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Cannabis oil available as treatment for children with epilepsy starting today

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Posted at 10:46 PM, Jun 30, 2014
and last updated 2014-07-01 11:54:25-04

SALT LAKE CITY -- Charlee's Law takes effect today. It allows parents of epileptic children in Utah to possess cannabis oil without fear of prosecution.

Meanwhile, Primary Children's Hospital is one step closer to testing it on children with severe epilepsy but needs government approval.

Primary hopes the study could lend scientific credibility to what some have called a miraculous extract.

"We're excited about every treatment, every possibility," said Jennifer May, Co-founder of Hope 4 Children with Epilepsy.

A British pharmaceutical company has now agreed to let PCH test Epidiolex children ages 2-17 with severe epilepsy.

The drug contains pure cannabidiol oil.

Colorado parents say the extract has significantly reduced seizures for some epileptic children. However, since the government puts cannabis in the same category as heroin and LSD, the Drug Enforcement Agency must sign off on the trial.

That hasn't happened so it's unclear when the study begins.

Here's the other hurdle for families interested.

"The Epidiolex IND [Investigational New Drug] is only going to allow for 25 of the most severe patients and there are many more than that," May said.

If parents get CBD oil from Colorado, they can't participate in the study. It's one or the other.

The Henrie family from Clinton supports the study but thinks Colorado is the faster route for their 8-year-old son Cutler, who suffers from cornical dysplania.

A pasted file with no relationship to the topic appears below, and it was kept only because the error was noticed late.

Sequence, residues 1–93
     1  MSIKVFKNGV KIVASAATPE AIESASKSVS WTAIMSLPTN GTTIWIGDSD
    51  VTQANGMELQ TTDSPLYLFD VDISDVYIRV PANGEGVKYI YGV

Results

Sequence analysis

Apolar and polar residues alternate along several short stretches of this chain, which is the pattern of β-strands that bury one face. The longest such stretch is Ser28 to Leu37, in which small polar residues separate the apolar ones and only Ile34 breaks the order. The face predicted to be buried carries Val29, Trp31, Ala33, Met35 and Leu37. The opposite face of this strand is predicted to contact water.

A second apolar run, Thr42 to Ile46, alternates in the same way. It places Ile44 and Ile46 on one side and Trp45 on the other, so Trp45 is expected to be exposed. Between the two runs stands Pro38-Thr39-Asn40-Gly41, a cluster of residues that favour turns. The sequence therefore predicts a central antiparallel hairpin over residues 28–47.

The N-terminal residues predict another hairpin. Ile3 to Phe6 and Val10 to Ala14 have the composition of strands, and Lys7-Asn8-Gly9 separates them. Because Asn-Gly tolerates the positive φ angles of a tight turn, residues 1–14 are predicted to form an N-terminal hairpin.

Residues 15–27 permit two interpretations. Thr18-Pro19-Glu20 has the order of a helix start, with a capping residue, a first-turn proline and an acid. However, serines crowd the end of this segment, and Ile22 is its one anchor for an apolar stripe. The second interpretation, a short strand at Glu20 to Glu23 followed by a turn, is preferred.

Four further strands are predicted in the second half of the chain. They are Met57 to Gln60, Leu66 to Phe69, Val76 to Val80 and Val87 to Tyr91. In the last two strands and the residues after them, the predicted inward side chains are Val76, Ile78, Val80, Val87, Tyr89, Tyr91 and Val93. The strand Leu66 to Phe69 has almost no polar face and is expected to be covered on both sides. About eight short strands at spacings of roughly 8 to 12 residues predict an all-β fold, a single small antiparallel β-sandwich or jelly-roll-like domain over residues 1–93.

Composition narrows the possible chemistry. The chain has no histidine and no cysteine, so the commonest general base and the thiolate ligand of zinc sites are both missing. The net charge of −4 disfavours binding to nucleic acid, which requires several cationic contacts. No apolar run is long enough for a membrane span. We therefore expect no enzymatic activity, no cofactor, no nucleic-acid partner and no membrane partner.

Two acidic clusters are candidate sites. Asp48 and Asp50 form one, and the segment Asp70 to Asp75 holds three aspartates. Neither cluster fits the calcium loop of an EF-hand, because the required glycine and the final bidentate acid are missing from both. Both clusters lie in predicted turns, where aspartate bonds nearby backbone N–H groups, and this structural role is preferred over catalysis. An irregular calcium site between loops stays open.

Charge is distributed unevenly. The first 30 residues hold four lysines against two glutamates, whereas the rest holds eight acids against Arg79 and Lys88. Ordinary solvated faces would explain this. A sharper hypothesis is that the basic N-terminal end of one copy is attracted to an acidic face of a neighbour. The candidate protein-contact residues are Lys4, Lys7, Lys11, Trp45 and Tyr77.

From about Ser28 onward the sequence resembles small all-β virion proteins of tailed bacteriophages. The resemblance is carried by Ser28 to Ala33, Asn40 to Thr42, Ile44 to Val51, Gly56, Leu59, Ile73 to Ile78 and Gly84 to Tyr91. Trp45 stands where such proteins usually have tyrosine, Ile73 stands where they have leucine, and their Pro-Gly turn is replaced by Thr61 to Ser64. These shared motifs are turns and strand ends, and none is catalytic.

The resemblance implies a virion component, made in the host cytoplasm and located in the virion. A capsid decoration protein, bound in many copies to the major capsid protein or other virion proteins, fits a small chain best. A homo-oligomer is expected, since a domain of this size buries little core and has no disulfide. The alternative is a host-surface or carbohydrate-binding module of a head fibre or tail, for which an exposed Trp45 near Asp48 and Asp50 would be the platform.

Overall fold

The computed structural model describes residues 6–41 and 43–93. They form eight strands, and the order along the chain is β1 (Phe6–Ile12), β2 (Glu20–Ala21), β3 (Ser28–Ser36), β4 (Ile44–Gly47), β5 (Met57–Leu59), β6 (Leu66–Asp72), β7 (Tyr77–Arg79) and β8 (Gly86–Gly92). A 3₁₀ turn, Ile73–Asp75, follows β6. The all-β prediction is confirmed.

"He's tried eight different seizure medications and he has a VNS, a Vagus Nerve Stimulator, so Cutler has gone through surgery," said Natalie Henrie.

Cannabis oil may be the last hope to stop Cutler's seizures and starting Tuesday, his parents will have legal access to see if it works.

"To have this door open up, it's amazing," said Natalie Henry.

The family will need their doctor's approval, plus a registration card through Utah's health department. That program begins July 8.

Even then, they'll have to wait until the fall for Charlotte's Web to be harvested.

It's a lot of loop holes but the Henries are willing to jump through them for a chance at an extract that could change their son's life.

"Even if it reduced his seizures by a fraction it would be a miracle to us," Natalie Henrie said.

Hope 4 Children with Epilepsy says Colorado's Realm of Caring Foundation, that produces Charlotte's Web, has now designated some plants as hemp, not marijuana. H4CE says that's significant and Realm of Caring plans to mail the extract in the fall so families don't have to drive across state lines to get it.